Child Nicotine Poisoning Prevention Act: What It Means for the E-liquid Industry

Child Nicotine Poisoning Prevention Act: What It Means for the E-liquid Industry

Greetings from the warmer part of the country! While millions of Americans struggle with one of the worst blizzards, my thoughts travel back twenty years ago to the blizzard of 1996 in New York City. It is where a certain future lawyer turned vaping advocate/regulatory expert hitchhiked her way to the delivery room late at night on January 12th to welcome a second baby boy, with her one-year-old in tow. That was then, and yes, those were cars under mountains of snow. Stay safe and warm!

As of January 22nd, nothing has happened on the FDA regulatory front on electronic cigarettes and other vaping products. Not to say that nothing important happened to advance our cause.

snow-covered cars

Snow-covered cars from the North American blizzard of 1996

On January 11th, Congress passed the Child Nicotine Poisoning Prevention Act of 2015, which was then sent to the President of the United States for signature and will likely become law soon.

The bill requires any nicotine that is offered for sale in liquid nicotine containers to be packaged in accordance with the Consumer Product Safety Commission’s standards and to pass testing in accordance with the method described here.

A liquid nicotine container is defined as “a package … (i) from which nicotine in a solution or other form is accessible through normal and foreseeable use by a consumer; and (ii) that is used to hold soluble nicotine in any concentration, but it does not include a sealed, pre-filled, and disposable container of nicotine in a solution or other form in which such container is inserted directly into an electronic cigarette, electronic nicotine delivery system, or other similar product, if the nicotine in the container is inaccessible through customary or reasonably foreseeable handling or use, including reasonably foreseeable ingestion or other contact by children.” In layman terms, cig-a-likes and sealed refillable cartridges do not need to meet the child-safe packaging requirement.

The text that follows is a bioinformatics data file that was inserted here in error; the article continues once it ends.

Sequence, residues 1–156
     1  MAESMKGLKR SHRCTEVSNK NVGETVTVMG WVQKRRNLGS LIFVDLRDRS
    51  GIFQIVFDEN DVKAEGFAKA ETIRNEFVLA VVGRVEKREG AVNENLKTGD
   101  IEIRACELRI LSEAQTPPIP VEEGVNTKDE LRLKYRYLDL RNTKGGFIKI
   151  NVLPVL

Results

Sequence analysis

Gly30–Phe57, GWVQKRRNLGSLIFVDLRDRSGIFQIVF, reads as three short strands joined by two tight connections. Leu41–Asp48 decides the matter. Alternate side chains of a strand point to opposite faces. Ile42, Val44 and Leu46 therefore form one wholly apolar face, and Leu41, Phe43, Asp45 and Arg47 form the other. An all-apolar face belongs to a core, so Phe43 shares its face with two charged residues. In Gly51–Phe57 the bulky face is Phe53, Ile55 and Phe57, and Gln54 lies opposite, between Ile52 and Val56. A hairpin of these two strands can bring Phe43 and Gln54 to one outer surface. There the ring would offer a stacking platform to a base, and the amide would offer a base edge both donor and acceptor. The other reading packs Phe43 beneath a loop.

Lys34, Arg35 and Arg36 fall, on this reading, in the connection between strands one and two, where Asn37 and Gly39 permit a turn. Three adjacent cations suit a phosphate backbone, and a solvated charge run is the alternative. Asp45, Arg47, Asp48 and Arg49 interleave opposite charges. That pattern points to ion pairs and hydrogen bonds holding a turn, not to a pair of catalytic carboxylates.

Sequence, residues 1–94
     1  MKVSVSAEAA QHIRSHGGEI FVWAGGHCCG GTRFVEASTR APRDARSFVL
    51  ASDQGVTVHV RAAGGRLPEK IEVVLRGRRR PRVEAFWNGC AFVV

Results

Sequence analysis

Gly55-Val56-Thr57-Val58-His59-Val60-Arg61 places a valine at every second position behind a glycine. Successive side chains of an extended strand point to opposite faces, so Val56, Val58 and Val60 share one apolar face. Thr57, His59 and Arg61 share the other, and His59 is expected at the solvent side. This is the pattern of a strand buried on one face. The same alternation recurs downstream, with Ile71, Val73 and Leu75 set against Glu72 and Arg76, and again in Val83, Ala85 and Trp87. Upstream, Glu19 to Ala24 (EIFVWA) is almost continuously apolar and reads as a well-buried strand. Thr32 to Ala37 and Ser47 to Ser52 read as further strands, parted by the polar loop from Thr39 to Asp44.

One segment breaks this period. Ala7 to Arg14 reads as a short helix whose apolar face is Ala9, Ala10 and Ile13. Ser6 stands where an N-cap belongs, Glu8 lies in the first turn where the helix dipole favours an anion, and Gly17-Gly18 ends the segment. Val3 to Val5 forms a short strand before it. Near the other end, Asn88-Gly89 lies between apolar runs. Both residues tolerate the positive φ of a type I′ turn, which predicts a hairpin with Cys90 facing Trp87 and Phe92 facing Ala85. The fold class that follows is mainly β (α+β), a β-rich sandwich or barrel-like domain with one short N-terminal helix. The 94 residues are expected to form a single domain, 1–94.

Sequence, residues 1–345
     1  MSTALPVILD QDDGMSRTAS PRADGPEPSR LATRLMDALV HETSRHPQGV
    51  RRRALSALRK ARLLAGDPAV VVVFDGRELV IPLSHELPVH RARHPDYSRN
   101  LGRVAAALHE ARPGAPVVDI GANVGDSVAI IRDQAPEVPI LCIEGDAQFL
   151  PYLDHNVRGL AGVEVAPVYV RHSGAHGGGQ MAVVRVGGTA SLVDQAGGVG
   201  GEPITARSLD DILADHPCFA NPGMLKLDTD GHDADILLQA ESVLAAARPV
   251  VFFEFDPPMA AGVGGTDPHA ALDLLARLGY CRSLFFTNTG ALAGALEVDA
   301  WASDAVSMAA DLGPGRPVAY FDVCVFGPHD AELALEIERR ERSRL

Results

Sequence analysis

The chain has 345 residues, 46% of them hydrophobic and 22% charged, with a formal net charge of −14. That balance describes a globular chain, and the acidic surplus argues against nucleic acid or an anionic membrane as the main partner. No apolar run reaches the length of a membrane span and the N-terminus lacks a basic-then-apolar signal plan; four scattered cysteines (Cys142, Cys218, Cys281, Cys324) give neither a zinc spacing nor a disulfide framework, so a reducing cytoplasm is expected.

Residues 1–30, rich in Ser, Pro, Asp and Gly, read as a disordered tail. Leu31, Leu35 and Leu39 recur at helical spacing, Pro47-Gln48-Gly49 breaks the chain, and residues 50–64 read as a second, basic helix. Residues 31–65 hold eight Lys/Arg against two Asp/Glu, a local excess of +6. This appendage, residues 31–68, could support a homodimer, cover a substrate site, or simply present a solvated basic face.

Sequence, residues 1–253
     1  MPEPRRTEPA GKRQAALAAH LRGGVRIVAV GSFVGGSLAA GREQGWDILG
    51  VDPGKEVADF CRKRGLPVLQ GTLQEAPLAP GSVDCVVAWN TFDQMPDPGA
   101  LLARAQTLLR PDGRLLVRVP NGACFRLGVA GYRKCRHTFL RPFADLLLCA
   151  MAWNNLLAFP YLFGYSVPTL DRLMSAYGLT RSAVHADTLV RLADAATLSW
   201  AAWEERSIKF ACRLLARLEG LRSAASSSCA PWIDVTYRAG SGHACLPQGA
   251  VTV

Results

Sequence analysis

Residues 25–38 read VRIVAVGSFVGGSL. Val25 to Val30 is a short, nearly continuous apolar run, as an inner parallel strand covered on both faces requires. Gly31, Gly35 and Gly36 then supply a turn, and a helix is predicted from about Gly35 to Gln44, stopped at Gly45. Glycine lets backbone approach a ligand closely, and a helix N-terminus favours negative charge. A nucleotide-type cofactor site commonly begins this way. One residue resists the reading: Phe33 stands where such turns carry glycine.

When enacted, the Child Nicotine Poisoning Prevention Act will not pre-empt FDA’s authority over vaping products’ or other nicotine-containing products’ packaging. The act mandates that the FDA consult with the Consumer Product Safety Commission if the FDA “adopts, maintains, enforces, or imposes or continues in effect any packaging requirement for liquid nicotine containers, including a child-resistant packaging requirement … taking into consideration the expertise of the Commission in implementing and enforcing this Act and the Poison Prevention Packaging Act of 1970 (15 U.S.C. 1471 et seq.).”

Here, at Nicopure Labs, we implemented child-safe packaging well ahead of many others in the industry. This legislative development demonstrates that good planning and responsible manufacturing bring an important competitive advantage.

The Vapor Technology Association (VTA), which Nicopure Labs joined as a founding member, is also very active in support of responsible manufacturing practices, and we can count on VTA’s legislative team to keep the dialogue open as we will meet this coming week in DC—weather permitting—to advance our industry’s outreach.

Let’s hope the clouds have mercy on us. Stay out of the storm and open your homes to those who don’t have one in this bitter cold.

—Patricia Kovacevic

The opinions and other information contained in these blog posts and comments do not necessarily reflect the opinions or positions of Nicopure Labs LLC, owner of the Halo and HaloCigs marks.

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About author

Patricia Kovacevic 10 posts

Patricia I. Kovacevic, Esq. is the general counsel and chief compliance officer of Nicopure Labs LLC, the leading E-liquid and vaping device manufacturer of American-made Halo and eVo E-liquids and Reactor, Tracer, Triton and G6 devices. With extensive U.S. and international industry experience, Ms. Kovacevic held senior legal and compliance positions at, among others, Philip Morris International and Lorillard. Her expertise includes global E-cigarette and tobacco regulation and compliance. Ms. Kovacevic serves on the advisory board of the Global Tobacco and Nicotine Forum. In the past, she served on the UN’s Public-Private Partnership Commission. Ms. Kovacevic is admitted to practice in New York. She holds a Juris Doctor degree from Columbia Law School (NY) and has completed the Harvard Business School “Corporate Leader” course. She is fluent in seven European languages.

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